I sound bitter, I know, and I am. I have been challenging myself over the past few days to understand thee single layer card. It has so many different definitions. Look at the challenge blogs and you will see what I mean. I define a single layer card as just that, no other layers at all...but I find them with the card front attached to a card base, extra layers of cardstock and labels, banners, frames et al...you name it!
It is just so difficult getting all the design, colour and perfect stamping stars to align at the one point in time and space - on the front of a card base. However, I have learned a few things on my painful and extended journey.
1. I have decided not to worry about it - a single layer card for me is what I make it, as it is for every other card maker in the world! (Major moment, this). This one, I decided, was to be attached to a card base, AND I also added some tiny sprinkles on the small blue flowers...see, I'm relaxing, really!
2. I don't try to heat emboss on a single layer card now...the slight warping that inevitably occurs cannot be corrected enough for me. I found that even a very heavy book application for twenty four hours does not completely remove the warp...so I decided the simple solution for me is just not to go there. I love the colour and shine that heat embossing gives a sentiment or other item on a card, but there are many other multilayer cards that this technique can be used on with less angst, and other ways to add shine.
3. I now practice with the stamp on a piece of scrap paper before applying it to the card base...several times if necessary. Some inks are better suited to specific stamp composition types, or may need juicing up if they haven't been out for a while. Better to miss-stamp on scrap paper than on the card base, or identify the inked up overhang on an unmounted stamp than risk hysterics when you ruin the whole thing with your last stamp application.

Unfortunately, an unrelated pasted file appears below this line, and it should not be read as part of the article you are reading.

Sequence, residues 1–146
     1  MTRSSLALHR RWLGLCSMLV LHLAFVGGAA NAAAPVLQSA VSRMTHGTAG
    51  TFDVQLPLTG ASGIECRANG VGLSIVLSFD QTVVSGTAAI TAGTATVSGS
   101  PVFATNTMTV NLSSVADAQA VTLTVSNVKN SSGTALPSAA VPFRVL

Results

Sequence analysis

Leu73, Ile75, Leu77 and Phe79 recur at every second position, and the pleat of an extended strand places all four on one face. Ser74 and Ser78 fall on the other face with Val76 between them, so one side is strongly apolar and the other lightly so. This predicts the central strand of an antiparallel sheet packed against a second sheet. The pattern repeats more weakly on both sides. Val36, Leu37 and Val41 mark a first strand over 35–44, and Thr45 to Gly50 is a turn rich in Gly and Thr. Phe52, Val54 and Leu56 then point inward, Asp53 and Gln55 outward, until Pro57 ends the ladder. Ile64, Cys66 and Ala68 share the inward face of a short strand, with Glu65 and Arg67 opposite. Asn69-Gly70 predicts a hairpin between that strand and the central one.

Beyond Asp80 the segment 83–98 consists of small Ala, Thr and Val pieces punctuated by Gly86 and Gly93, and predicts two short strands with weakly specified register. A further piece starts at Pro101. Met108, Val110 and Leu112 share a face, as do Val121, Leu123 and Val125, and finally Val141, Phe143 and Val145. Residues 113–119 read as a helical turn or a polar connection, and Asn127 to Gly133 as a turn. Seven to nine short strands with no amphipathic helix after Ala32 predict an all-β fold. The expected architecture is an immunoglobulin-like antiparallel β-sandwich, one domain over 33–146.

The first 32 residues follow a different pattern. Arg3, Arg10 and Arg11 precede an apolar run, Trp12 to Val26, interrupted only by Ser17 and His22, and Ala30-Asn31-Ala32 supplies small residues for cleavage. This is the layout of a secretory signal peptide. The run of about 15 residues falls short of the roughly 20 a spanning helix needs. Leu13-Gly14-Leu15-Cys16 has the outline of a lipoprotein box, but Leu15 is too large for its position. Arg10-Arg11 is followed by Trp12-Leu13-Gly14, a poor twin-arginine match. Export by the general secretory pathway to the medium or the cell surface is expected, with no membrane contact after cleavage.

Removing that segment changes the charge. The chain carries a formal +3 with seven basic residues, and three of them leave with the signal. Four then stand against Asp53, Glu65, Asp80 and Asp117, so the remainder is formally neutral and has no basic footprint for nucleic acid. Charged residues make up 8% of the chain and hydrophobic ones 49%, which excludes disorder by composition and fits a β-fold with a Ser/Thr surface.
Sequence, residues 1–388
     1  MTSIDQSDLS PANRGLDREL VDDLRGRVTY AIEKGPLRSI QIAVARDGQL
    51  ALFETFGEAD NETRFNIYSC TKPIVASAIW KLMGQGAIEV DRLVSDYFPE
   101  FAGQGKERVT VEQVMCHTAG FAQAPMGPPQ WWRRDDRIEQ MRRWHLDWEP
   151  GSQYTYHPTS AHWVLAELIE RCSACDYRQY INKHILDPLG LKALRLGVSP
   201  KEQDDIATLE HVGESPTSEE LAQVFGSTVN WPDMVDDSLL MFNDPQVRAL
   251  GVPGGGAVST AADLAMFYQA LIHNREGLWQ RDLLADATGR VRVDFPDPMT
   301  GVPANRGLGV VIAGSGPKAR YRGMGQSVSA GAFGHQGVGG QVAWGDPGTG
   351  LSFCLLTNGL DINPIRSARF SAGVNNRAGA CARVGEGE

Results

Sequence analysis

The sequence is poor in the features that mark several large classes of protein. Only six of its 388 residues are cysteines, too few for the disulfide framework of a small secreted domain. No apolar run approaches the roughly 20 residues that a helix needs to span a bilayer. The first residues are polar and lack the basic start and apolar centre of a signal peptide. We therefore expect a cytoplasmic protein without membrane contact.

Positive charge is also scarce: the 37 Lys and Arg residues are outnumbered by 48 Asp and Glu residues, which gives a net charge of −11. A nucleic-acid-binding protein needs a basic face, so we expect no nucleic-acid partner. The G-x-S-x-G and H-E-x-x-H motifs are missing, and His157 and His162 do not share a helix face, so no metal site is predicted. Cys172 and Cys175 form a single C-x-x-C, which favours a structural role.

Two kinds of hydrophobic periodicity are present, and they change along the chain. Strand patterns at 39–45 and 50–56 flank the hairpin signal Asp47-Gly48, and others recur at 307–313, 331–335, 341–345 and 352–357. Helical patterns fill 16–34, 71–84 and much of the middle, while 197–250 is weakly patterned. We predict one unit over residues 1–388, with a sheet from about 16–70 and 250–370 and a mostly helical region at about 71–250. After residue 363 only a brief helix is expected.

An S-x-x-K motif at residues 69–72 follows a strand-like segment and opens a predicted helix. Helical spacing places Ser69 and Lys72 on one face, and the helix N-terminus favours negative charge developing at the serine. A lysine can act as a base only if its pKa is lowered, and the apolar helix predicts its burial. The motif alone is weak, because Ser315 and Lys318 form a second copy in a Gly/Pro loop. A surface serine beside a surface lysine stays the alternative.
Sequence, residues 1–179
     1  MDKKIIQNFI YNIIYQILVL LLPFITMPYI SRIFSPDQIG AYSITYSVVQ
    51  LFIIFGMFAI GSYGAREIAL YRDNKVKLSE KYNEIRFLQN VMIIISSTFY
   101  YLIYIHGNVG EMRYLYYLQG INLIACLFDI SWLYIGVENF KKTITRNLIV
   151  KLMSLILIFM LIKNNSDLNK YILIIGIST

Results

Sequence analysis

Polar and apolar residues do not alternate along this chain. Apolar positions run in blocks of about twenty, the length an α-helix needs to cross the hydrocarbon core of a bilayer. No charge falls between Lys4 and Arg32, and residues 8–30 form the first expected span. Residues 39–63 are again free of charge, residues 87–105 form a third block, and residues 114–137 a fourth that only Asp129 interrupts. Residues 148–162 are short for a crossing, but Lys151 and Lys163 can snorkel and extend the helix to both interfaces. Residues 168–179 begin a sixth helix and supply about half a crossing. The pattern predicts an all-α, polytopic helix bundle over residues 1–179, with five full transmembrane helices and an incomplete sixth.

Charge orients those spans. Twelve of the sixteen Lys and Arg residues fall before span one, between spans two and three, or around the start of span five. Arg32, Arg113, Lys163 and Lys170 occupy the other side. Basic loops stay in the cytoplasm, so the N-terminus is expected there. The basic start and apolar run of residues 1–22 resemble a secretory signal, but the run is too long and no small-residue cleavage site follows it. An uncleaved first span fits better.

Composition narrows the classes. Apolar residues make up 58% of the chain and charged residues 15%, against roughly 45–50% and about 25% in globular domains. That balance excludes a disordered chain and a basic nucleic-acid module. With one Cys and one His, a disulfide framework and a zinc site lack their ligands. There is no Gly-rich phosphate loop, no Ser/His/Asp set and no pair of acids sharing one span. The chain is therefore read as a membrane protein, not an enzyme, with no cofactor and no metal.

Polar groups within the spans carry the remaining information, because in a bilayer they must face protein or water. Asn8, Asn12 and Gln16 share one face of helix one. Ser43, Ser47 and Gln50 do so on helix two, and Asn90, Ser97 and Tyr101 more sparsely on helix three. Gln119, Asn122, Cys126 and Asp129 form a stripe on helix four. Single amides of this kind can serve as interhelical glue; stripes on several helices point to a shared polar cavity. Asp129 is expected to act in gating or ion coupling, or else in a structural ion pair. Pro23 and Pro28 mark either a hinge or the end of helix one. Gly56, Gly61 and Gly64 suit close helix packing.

4. I spend time to plan the card - (really important for me, this aspect). I used just to meander into my craft area and fiddle about, hoping a stunning card would happen...this approach often lead to an over-stamped or over-embellished piece of binable nonsense. Play time is important when you are new to the craft, or when trying out new equipment or a new design thought...it becomes far less so when you realise you have just wasted the last piece of that midnight blue card stock that is the centre point of your proposed card. Planning is particularly important when choosing colours, I now practice the ink colours with the stamps as well as cardstock colours I want to use before the final decision.
5. I now assemble my all planned equipment on my work top prior to commencement. This stops me rummaging through stamp sets, dies and embellies, looking for "that something extra". It helps to keep me on track with my planned card.
That's about it, I have learned a lot by focussing (finally) on my shortcomings. Today I went to our local library and found a good card and scrapbooking section. I now have a few books to go through...my next challenge is watercolouring...mmm could take a while that one.
Anyhoo...here is the card I made for Jayne...
I finally managed to get my head around how to adhere and position the various components on the cross bars within the box, and ended up making one each for my young grandsons. The photos are horrible, but as the boxes themselves are only first trys, I didn't redo the pics. I will post them off come Monday...and I don't think they will have a very long shelf-life once they arrive in NSW! The boys are going to be just as interested as I was in how they go together...and come apart! This one is for Nicholas, seven, who loves his soccer, the banner at the back reads #AWESOME. It has bouncing balls, stars, cheering hands, a trophy and at the front grass...